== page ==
Gevlon said...

@Esteban: absolutely not. In real life every one has very specific responsibilities, there are very clear performance metrics and failers (not the team) are punished or replaced. You never see a manager say "we are OK, just everyone must focus". He will sit down with everyone individually, gives a performance review and fire the underperformers.

Samus said...

Gevlon, why do you like raiding at all? If your problem is that you have to depend on all 20 teammates, isn't the easiest solution to not have 20 teammates?

Anonymous said...

@Gevlon: You are mixing two different gaming styles with different expectations and requirements. Best example is WoW.

In WoW raiding with a good guild you have a team and you want everyone to contribute and want to win as a team: the good old "the sum is worth more than the parts" ideal. From this point of view is kinda like a team-based sport like soccer: you might be a very good attacker, but without a good team providing you with nice assists you will have a bad game.

This is something expected and that players actually want. It most likely comes from evolution: attaching "rewarding" feelings to teamwork (e.g. in hunting) is advantageous. So it makes sense to try to provide these feelings, which can only be achieved when you actually have to rely on your teammates.

Now take LFR. There is no "team" there. It's basically a way to allow single players to experience content designed for multiplayer teams. From this "single-player" point of view the other players are not your teammates: they are just part of the game mechanics. Basically they are unreliable NPCs.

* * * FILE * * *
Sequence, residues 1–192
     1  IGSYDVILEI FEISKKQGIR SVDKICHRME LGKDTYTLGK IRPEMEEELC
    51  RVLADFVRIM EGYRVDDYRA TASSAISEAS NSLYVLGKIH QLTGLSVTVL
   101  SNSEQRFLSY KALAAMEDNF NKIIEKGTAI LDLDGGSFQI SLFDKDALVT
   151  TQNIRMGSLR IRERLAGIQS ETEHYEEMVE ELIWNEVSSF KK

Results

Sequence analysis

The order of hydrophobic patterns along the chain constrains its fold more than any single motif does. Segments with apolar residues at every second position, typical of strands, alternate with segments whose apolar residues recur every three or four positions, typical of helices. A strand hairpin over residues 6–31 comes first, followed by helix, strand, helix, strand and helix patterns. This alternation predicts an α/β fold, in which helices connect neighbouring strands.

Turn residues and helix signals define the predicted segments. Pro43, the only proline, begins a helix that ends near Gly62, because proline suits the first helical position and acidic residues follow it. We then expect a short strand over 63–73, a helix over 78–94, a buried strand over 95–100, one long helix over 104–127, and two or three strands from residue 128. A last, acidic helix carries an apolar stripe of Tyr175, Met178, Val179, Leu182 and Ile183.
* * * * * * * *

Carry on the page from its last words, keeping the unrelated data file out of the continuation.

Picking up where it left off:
Of course you can isolate your gameplay from those of others, but only by simplifying a lot of mechanics and completely gutting the teamwork requirement. It makes sense when teamwork is actually not desired (LFR), but it doesn't make sense when teamwork is a fundamental appeal of the game ("team" raiding).

Gevlon said...

@Samus: the problem isn't that I depend on them. That's just real life. You achieve nothing on your own. It's that their contribution can't be assessed easily. It takes more time to actually wiped us than the try itself.

Anonymous said...

"You never see a manager say "we are OK, just everyone must focus". He will sit down with everyone individually, gives a performance review and fire the underperformers."

You absolutely will....when shit hits the fan, the manager does not go "You are all crap and useless", he goes "It is ok, we will get through this" and then helps everyone focus until it is over.